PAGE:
Here you find all routines and tools that relate with moving atoms in general, meaning mostly molecular dynamics and geometry relaxation, with the many algorithms and flavours to both. But this theme also includes other functionalities and methods, such as transition-path searching (with or without previous knowledge of destination basin, as in the nudged elastic band for the former, and the dimer method for the latter), or path-integrals.
Within the context of electronic structure, a key characteristic of this theme is that the by far most computationally demanding part is the computation of the ab initio forces for the given positions. Which means that the computational effort associated to the algorithms and software within this theme is absolutely negligible considering the total cost of the simulation. This implies that the computational strategies for moving atoms in a first-principles setting can be quite different from the ones of the molecular dynamics codes for large systems using empirical potentials.
There are three main strategies reflected in ESL for the moment:
- Using a whole standalone DFT code as a force evaluator, and calling it from scripts that encode the moving-atoms algorithms, communicating via parsing input and output files. This is what the Atomic Simulation Environment (ASE) does. It is extremely flexible and versatile. On the downside, the parsing can be fragile, the initialisation from scratch of a DFT code every time is somewhat wasteful, and it can conflict with usage policies of HPC centers. The flexibility makes up for these limtations, however.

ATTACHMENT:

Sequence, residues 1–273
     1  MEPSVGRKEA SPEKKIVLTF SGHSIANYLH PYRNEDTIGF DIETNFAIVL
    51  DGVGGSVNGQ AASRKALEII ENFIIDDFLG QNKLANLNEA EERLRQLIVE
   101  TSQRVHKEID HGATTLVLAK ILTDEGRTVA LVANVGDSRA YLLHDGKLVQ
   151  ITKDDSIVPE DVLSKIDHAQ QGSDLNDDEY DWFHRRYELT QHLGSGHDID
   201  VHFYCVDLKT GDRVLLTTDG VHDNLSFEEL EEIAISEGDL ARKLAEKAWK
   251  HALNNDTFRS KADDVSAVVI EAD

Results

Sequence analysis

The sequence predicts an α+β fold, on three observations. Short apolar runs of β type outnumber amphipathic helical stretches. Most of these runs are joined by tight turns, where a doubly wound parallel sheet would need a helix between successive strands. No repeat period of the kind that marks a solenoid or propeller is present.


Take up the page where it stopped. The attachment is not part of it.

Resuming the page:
- Using standalone DFT codes as force evaluators, as before, but communicate with them with sockets or pipes, so avoiding the parsing and the restarting problems. The socket interface and an implementation are described here and here. It requires patching the DFT codes so that they can communicate the right data with the controlling scripts or programs.
- Everything within a compiled program, which introduces more rigidity and dependences, but solves the problems mentioned above. For a sequential job like relaxation or MD, for instance, using a scheme like:
program main call initialise_dynamics % defining algorithm, flavour etc call initialise_dftforces do for all moving steps call dftforces(in:positions,cell; out:forces,stress) call dynamics(in:forces,stress; out:positions,cell) enddo call post_dft % for analysis of electronics call post_dynamics % for analysis of trajectory end program main
it defines a scheme that can allow the incorporation of many different moving-atoms routines. The "dynamics" routine representing just a main routine that calls the particular ones used. Information particular for electrons and for moving atoms would be in well separated modules, allowing for the moving-atoms routines to be written without dependencies from the dft side.